August 26 – September 1: “Besides thrillers, what other genres do you love to read/write?”

thriller-roundtable-logo5Everyone here at ITW loves thrillers, but this week we’re wondering what other genres you love to read and even write? Join ITW Members Alex Segura, Lynn Chandler Willis, Ann Simas and J. H. Bográn as they discuss stepping out side the thriller genre. Scroll down to the “comments” section to follow along. You won’t want to miss this!

 

Alex Segura is the author of the Pete Fernandez mystery series set in Miami, short stories that have appeared in numerous anthologies, and a number of best-selling and critically acclaimed comic books. He also co-writes the LETHAL LIT podcast.

 

 

J. H. Bográn is an international author of novels, short stories and scripts for television and film. He’s the son of a journalist, but ironically prefers to write fiction rather than facts. His genre of choice is thrillers, but he likes to throw in a twist of romance into the mix. He currently divides his time as resource development manager for Habitat for Humanity Honduras, teaching classes at a local university, and writing his next project. He lives in San Pedro Sula, Honduras with his wife, three sons and a “Lucky” dog. His motto is “I never tell lies, I only write them!”

 

Ann Simas lives in Oregon, but she is a Colorado girl at heart, having grown up in the Rocky Mountains. She has been an avid reader since childhood and penned her first fiction “book” in high school. She particularly likes to write mystery-thriller-suspense with a love story and paranormal or supernatural elements. She is the author of 27 novels, 1 short-story collection, and 1 novella. An award-winning watercolorist and a budding photographer, Ann enjoys needlework and gardening in her spare time. She is her family’s “genealogist” and has been blessed with the opportunity to conduct first-hand research in Italy for both her writing and her family tree. The genealogy research from decades old documents in Italian, she says, has been a supreme but gratifying challenge.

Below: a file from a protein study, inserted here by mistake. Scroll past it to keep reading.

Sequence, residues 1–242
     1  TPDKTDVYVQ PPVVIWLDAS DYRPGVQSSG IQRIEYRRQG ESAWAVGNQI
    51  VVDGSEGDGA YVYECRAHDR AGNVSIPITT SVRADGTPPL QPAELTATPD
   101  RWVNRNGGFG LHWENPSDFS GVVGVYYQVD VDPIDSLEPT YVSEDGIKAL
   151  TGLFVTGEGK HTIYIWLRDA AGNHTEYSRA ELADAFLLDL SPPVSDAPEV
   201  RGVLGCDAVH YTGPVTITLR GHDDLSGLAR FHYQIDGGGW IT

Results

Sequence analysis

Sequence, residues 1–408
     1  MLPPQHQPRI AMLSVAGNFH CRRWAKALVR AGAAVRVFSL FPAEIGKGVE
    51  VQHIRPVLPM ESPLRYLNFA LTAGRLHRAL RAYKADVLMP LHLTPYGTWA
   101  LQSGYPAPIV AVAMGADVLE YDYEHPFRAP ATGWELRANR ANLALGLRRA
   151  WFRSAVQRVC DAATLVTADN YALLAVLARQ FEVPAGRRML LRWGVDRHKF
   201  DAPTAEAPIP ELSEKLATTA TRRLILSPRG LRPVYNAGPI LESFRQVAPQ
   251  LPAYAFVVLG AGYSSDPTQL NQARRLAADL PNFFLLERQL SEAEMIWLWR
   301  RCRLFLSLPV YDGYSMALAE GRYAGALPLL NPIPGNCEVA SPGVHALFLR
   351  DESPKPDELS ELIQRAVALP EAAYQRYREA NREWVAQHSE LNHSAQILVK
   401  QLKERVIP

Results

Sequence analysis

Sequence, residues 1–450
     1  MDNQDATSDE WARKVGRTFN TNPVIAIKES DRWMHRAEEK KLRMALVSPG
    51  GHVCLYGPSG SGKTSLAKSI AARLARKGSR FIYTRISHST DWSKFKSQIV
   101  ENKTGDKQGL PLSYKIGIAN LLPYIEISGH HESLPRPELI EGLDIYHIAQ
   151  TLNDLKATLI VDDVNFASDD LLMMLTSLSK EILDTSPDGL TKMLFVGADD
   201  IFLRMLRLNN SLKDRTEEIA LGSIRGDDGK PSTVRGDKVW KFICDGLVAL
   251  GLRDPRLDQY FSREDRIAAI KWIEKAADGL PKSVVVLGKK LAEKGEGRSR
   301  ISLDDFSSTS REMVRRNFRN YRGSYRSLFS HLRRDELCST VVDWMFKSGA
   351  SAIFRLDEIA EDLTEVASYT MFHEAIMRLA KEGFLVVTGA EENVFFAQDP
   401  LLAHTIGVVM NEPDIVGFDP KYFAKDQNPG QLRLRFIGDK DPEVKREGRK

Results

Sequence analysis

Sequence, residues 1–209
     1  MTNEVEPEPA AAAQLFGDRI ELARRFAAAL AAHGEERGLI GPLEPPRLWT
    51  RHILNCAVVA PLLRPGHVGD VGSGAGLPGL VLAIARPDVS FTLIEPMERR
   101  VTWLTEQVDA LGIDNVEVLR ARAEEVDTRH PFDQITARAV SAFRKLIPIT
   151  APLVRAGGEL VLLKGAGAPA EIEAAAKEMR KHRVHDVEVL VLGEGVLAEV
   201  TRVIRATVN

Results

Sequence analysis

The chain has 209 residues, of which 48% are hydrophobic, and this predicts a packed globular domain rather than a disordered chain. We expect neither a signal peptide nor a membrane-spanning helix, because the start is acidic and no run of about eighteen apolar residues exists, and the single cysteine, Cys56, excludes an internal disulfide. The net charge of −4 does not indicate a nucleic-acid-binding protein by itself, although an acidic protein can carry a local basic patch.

Award-winning author Lynn Chandler Willis was the first woman in a decade to win the Private Eye Writers of America’s Best 1st PI Novel with her Shamus-nominated book, Wink of an Eye. Her traditional mystery series featuring newspaper publisher and reporter Ava Logan kicked off with Tell Me No Lies. The series continues in June and July 2019 with Tell Me No Secrets and Tell Me You Love Me. Her first published novel, The Rising, won the Grace Award for Execellence in Faith-based Fiction. Her work usually features small towns with big characters. She lives in the heart of North Carolina with Finn, a rescue border collie, and hopes to one day retire to the Appalachian region she often writes about.

 

ITW

International Thriller Writers Inc represents professional authors from around the world. Learn more about them, their work, and the sources from which they draw their inspiration at the Official ITW Organization Website.